Material and methods

Nosy Komba (alternatively known as Nosy Ambariovato) (13° 28'16.62" S, 48° 20'56.17" E) is a volcanic island situated within the Sambirano eco-region of north-west Madagascar, approximately 2.7 km from Nosy Be. The island is about 25 km² in the area and reaches a peak altitude of 622 m (Roberts and Daly 2014). The island has lost all of its primary forests due to historical felling during the French colonization of Madagascar (1894–1959; Rohrer-MacGregor, C. 2013. French in Madagascar: A Colonial Language After Independence. Syracuse University SURFACE. Available from https://surface. [Accessed 18 January 2018], Roberts and Daly 2014). Nosy Komba's north side is dominated by a mosaic of the plantation, bamboo forest, open grassland, and swamps situated within a regenerated secondary forest matrix. The higher altitudes support mono-crop and mixed-species plantations, including coffee, pepper, cocoa, chili, sugarcane, vanilla, and fruit plantations. The northern part of the island is dominated by invasive bamboo from the mainland (Roberts and Daly 2014).

Site selection

Surveys were focused within a 2km radius of the Madagascar Research and Conservation Institute (MRCI) base camp (13° 44' S, 48° 33' E, Fig. 1). Fifteen study sites were established, encompassing three habitat types: (1) secondary Sambirano forest ( > 30 years since abandonment) (SF, n = 8), (2) mono-crop open canopy plantation (OCP, n = 3), and (4) mixed-crop closed-canopy plantation (CCP, n = 4).  We categorized forest types according to the characteristics described in table 1. Distance point-counts had a 25 m fixed radius. All sites were spatially independent of one another (a minimum of 200 m between them) to minimize the risk of duplicate recordings.

Bird and habitat measurements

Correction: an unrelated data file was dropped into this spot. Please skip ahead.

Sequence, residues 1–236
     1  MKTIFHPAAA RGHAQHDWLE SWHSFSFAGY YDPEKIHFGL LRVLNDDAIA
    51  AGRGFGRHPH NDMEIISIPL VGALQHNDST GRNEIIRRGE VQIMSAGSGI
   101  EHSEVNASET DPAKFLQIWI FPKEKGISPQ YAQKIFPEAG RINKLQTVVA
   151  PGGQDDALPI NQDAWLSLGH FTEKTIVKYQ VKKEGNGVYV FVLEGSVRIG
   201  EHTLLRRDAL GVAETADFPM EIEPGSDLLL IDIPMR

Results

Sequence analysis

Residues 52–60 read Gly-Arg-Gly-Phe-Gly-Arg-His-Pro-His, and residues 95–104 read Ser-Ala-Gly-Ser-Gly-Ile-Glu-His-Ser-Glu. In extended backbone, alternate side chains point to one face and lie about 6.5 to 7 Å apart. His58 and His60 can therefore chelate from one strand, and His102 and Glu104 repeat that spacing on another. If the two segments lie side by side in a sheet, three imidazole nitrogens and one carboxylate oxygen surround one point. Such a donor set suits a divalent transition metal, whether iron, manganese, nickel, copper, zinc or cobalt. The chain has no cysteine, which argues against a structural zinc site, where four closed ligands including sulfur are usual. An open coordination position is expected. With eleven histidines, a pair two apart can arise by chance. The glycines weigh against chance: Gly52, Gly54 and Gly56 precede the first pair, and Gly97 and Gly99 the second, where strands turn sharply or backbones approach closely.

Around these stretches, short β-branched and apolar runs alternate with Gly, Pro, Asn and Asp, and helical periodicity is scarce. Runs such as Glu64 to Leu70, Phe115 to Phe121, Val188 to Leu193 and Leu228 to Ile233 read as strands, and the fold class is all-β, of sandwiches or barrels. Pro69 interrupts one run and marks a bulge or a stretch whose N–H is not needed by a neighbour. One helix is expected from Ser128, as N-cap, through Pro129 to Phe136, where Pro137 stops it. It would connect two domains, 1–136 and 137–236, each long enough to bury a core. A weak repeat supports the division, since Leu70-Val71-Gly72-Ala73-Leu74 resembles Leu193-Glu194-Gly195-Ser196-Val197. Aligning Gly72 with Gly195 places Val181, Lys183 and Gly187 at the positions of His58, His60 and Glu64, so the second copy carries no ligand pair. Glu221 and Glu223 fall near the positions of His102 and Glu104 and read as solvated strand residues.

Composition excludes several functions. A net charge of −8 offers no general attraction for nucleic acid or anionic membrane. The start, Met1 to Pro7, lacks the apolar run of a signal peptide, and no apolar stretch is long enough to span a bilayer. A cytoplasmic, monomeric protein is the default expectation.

Bird abundance within the three habitat types was quantified using point-count surveys. Surveys were conducted by one member of MRCI staff and three to five volunteers.  All surveyors were trained in species identification and passed a computer identification test before participation. Surveyors waited five minutes upon arrival at a study site before beginning a survey. In this time, the weather conditions (cloud cover, precipitation, and wind speed) were assessed. After this rest period, birds occurring within the 25 m fixed radius were recorded. The information recorded with each observation included: species, number of individuals, distance from the observer, substrate, and time. Point-count surveys were conducted between 30 May 2016 and 5 July 2017. All inquiries were 10 minutes in duration and commenced between 06:00 and 10:00. The number of studies conducted at each site varied from 7 to 65; the number of surveys within each habitat type is as follows: CCP (n = 159), SF (n = 147), and OCP (n = 176).  Study sites were incorporated into five-set routes. Routes were selected for the survey via random selection, and the direction of sampling was regularly alternated to avoid systematic bias. Therefore, sampling encompassed a wide range of environmental conditions and avifaunal activity patterns. Data was not collected during Nosy Komba's wet season (January-February), as avifaunal activity was deemed too low. Habitat surveys were conducted between 29 January 2016 and 5 July 2017. Two transects were established in a cross formation, with the center point of the study is located at the intersection. The direction of the transect lines was determined using compass points. Five 1 x 1 m plots were formed 1 m from the transect line along all four arms. The side of the transect line to establish the plot was determined by flipping a coin. The environmental characteristics measured within subplots are detailed in table 1.